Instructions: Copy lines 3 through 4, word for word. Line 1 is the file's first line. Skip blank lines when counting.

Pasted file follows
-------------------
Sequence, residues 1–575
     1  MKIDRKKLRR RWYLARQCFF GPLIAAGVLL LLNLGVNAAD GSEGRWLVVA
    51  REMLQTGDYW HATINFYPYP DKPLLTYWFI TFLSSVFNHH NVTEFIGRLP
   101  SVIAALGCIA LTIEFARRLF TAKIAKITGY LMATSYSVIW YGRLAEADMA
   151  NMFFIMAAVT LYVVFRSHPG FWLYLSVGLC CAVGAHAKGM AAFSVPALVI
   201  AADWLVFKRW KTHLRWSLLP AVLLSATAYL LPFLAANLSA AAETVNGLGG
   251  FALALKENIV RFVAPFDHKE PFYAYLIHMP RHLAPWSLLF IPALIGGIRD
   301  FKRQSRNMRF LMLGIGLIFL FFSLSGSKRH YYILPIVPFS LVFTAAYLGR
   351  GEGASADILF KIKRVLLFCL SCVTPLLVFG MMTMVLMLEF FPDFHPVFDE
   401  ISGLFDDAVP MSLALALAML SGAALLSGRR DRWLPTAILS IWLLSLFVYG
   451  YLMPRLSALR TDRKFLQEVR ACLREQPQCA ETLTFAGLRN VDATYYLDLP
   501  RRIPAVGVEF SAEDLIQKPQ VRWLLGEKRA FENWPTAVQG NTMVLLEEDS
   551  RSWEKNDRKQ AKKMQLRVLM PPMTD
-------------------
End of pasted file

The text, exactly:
    51  REMLQTGDYW HATINFYPYP DKPLLTYWFI TFLSSVFNHH NVTEFIGRLP
   101  SVIAALGCIA LTIEFARRLF TAKIAKITGY LMATSYSVIW YGRLAEADMA